Norman Dewis, the legendary Jaguar test engineer and competition driver who had so much to do with the premier British marque’s success through the decades, died Saturday at the age of 98.
Despite his advanced years, Dewis was active until recently as a globe-trotting ambassador for Jaguar, appearing at numerous auto shows, concours and important automotive events, often regaling spectators with exciting tales of his years helping to develop an estimated 25 race cars and sports cars for Jaguar.
For more than 30 years until his retirement in 1985, Dewis worked for the glory of Jaguar, performing high-speed testing and competition driving. In 1953, he set a production-car speed record on a closed Belgian highway in a modified Jaguar XK120, reaching the official speed of 172.4 mph.
At the Pebble Beach Concours d’Elegance in 2015, he drove the restored speed-record XK120 onto the stage for the car’s class award, and received a lengthy round of applause from the crowd.
Dewis helped create the Le Mans-winning Jaguar C- and D-Type sports racers, and he was instrumental in the development of disc brakes, a major achievement for Jaguar. To test those brakes in competition, he rode as navigator in a C-Type with the great Stirling Moss in the 1952 Mille Miglia. They were running third overall when they had to drop out due to a crash.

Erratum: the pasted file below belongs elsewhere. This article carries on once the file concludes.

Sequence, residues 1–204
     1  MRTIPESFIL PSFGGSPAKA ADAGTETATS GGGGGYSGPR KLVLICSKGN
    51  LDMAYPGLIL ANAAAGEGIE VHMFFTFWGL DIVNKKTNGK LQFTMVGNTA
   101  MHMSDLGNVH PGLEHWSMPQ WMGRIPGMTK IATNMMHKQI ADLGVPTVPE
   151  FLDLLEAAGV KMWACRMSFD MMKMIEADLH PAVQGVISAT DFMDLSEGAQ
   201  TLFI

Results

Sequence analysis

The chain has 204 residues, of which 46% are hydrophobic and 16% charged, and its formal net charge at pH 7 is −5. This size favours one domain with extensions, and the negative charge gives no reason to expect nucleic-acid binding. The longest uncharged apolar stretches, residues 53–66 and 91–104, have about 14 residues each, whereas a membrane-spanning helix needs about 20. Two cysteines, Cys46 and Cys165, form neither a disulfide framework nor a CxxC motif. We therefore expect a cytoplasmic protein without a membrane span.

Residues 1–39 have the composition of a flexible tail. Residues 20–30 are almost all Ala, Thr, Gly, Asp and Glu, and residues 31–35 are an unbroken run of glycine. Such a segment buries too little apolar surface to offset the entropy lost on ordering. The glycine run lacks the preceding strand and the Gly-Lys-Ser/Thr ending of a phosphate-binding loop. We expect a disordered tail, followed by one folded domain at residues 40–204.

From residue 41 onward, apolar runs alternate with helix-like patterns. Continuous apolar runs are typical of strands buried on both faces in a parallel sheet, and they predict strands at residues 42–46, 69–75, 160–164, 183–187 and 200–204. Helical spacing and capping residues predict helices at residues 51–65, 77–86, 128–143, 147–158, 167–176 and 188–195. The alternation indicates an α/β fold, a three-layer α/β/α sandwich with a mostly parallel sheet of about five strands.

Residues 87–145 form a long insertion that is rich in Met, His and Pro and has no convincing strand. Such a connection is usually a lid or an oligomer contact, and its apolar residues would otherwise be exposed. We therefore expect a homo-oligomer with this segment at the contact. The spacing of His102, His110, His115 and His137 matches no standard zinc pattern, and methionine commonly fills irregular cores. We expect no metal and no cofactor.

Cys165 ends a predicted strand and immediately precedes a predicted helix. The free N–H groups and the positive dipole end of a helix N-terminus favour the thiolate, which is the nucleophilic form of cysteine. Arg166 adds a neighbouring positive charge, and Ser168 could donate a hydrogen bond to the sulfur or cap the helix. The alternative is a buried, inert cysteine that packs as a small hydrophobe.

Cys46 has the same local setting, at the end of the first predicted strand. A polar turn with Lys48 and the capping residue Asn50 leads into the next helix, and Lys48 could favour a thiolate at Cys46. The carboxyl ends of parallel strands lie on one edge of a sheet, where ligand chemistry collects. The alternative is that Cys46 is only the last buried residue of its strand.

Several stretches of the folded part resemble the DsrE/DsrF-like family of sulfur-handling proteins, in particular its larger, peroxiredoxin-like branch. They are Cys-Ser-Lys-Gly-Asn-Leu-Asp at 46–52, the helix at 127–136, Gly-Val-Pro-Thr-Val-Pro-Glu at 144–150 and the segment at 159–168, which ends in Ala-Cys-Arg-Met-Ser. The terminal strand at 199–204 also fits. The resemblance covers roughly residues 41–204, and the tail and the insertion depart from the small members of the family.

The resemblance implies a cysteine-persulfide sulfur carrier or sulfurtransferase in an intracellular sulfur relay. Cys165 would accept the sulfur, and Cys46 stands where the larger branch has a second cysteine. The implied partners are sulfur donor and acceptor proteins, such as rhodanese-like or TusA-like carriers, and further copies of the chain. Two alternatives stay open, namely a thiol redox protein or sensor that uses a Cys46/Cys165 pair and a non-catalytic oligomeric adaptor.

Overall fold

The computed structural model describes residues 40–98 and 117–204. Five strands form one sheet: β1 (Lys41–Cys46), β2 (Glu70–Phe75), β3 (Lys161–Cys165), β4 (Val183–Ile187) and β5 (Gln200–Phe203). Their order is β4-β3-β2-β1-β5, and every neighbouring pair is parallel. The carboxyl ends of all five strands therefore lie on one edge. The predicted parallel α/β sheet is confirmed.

He also raced in the 1955 24 Hours of Le Mans with the Jaguar works team, and was witness to the horrific crash of a Mercedes-Benz 300 SLR that killed scores of spectators and injured many more.
Considered to be “Britain’s greatest test driver,” Dewis was something of an unsung hero for most of his life in spite of his association with Jaguar’s greatest triumphs and world-renowned race drivers. His usually smiling face became well known in more-recent years among racing and auto enthusiasts because of his many public appearances and late-in-life acclaim.
In 2015, he was honored by Queen Elizabeth II with the Order of the British Empire “for services to the motor industry.”
Dewis was born in Coventry, England, on August 3, 1920, and as a teenager worked at the Humber auto factory that was located near his family’s home, after which he took an apprenticeship with Armstrong-Siddeley. He joined the Royal Air Force in 1939 and during World War II saw action as a gunner on a Blenheim bomber.
After the war, he worked at Lea-Frances before being recruited in 1951 by Jaguar’s chief engineer, Bill Heynes. He shortly became a test engineer, thrashing production and competition vehicles on test tracks, race courses and highways.
Among his achievements in production cars was his work to create the groundbreaking Jaguar E-Type, in which he spent hundreds of hours of high-speed testing. Part of the goal was confirming that the XK-E could reach its advertised top speed of 150 mph.
Capping off the experience, he drove the E-Type across Europe to its world debut at the Geneva Motor Show in 1961, where the car was met with enthusiastic acclaim.
For those who had the pleasure of knowing him, Norman Dewis will be remembered in his later years as the witty gentleman who, typically with a gin and tonic in his hand, told the colorful stories of his days with Jaguar, the company for which he was unflaggingly loyal.
Jaguar celebrated Dewis with a video about his life and career.